To demonstrate this, we consider the overlap of the p states with one of the three backfolded conduction band pockets, e_{1}, which has predominantly \({d}_{x^{\prime} y^{\prime} }\) symmetry in the octahedral basis ({\(x^{\prime} ,y^{\prime} ,z^{\prime}\)}, Fig. 4d)^{15}. The situation for the other bands follows from the threefold rotational symmetry of the system. To understand the hybridisation, we consider two core symmetries of the normalstate 1T crystal structure: a mirror plane, m, that is oriented along ΓM, and a C_{2} rotational symmetry axis oriented along ΓK. The 3\({d}_{x^{\prime} y^{\prime} }\) orbital has even parity in both of these (see inset in Fig. 4c), consistent with the A_{g} irreducible representation of the electron pocket at M^{20}. In contrast, the state made from p_{y} orbitals on the two chalcogen sites is even in C_{2}, but odd in m, while the opposite is true for the p_{x}derived bands (see insets in Fig. 4c).
Considering at the Γ point, where both of these symmetries are present for the hightemperature 1T crystal structure, the overlap integrals \(\left\langle {p}_{x} {d}_{x^{\prime} y^{\prime} }\right\rangle\) and \(\langle {p}_{y} {d}_{x^{\prime} y^{\prime} }\rangle\) are strictly zero, as a result of the opposite parity of these states under the C_{2} rotation and the mirror symmetry, respectively. At the CDW transition, however, the softening of three A_{u} phonon modes (Fig. 1h) leads to a periodic lattice distortion^{15} which breaks the mirror symmetry, while preserving the C_{2} rotational symmetry (the corresponding atomic displacements arising from the softening of one of the three phonon modes are indicated by the black arrows in the insets of Fig. 4c). The hybridisation of the p_{x} and dderived states, \(\left\langle {p}_{x} {d}_{x^{\prime} y^{\prime} }\right\rangle\), remains zero due to the C_{2} symmetry. However, the mirrorsymmetry enforced constraint of a lack of hybridisation between the p_{y} and dderived states in the normal state is relaxed in the distorted structure. This is evident from our calculated overlap integrals in Fig. 4c, where the hybridisation matrix element between p_{y} and \({d}_{x^{\prime} y^{\prime} }\) tesseral harmonics increases linearly with the amplitude of the atomic displacements within the periodic lattice distortion, while \(\left\langle {p}_{x} {d}_{x^{\prime} y^{\prime} }\right\rangle\) remains zero irrespective of the atomic displacement.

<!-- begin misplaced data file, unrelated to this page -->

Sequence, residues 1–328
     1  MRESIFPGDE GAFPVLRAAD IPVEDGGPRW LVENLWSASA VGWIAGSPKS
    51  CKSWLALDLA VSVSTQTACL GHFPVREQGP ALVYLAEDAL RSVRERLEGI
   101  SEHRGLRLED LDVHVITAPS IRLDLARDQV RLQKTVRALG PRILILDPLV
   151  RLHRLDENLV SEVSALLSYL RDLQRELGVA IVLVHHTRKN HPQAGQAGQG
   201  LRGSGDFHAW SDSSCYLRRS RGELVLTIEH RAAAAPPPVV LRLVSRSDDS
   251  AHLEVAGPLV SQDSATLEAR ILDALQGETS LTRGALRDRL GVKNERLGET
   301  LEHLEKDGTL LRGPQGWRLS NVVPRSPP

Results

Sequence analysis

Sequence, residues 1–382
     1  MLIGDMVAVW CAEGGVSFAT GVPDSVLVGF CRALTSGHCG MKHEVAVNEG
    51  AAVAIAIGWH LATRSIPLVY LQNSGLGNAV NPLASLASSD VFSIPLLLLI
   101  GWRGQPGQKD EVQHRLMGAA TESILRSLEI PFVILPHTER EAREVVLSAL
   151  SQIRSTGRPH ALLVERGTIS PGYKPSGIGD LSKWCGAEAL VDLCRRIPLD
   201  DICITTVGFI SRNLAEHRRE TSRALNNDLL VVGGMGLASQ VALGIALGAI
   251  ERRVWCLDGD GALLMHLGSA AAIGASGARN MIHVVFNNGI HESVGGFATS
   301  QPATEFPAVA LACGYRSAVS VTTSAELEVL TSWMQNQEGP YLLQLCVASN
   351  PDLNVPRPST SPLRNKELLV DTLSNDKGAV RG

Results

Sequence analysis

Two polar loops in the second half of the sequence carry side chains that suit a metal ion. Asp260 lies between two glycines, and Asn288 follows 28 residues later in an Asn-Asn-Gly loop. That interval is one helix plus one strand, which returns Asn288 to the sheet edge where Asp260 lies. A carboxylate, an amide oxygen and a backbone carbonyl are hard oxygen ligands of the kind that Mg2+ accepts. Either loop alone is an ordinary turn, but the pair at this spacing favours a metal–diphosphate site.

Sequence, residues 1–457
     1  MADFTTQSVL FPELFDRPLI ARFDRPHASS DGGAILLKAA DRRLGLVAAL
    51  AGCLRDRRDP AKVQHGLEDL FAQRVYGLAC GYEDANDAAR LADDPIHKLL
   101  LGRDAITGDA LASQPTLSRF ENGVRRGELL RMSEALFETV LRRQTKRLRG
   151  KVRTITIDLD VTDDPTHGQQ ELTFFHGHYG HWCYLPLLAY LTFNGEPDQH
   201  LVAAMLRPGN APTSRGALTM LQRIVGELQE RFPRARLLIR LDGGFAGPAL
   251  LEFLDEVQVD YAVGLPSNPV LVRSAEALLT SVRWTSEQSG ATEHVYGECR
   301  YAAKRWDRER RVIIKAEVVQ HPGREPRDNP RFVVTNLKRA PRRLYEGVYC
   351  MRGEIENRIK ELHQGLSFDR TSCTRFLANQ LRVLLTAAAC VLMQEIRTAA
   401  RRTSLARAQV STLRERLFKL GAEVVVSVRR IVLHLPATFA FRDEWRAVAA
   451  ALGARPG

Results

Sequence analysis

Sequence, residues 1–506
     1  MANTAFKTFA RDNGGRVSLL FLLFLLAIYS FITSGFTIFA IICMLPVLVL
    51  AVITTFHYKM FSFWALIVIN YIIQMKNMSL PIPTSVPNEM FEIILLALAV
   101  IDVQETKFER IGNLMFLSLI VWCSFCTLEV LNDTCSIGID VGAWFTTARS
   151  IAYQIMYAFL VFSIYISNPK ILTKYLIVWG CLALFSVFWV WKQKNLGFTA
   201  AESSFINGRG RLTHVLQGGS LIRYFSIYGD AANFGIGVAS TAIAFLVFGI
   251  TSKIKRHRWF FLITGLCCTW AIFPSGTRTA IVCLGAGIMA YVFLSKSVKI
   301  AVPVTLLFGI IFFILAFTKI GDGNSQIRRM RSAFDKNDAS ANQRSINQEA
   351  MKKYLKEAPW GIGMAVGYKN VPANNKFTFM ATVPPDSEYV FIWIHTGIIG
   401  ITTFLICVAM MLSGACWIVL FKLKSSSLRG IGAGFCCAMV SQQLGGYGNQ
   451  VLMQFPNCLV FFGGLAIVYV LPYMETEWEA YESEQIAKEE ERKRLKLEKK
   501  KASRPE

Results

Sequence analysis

While these arguments are formally valid only at Γ where both the symmetries are present, they provide the basis for an understanding of the band hybridisation throughout the Brillouin zone, where the C_{2} (in both the normal and lowtemperature states) and m (in the normal state) symmetries are present along the entire ΓK and ΓM directions, respectively. In particular, they indicate that new channels for band hybridisation between the backfolded valence and conduction band pockets are only opened up by the periodic lattice distortion where conduction bands of \({d}_{x^{\prime} y^{\prime} }\) character intersect valence bands of p_{y}orbital character (and symmetryequivalent versions of these for the other conduction band pockets).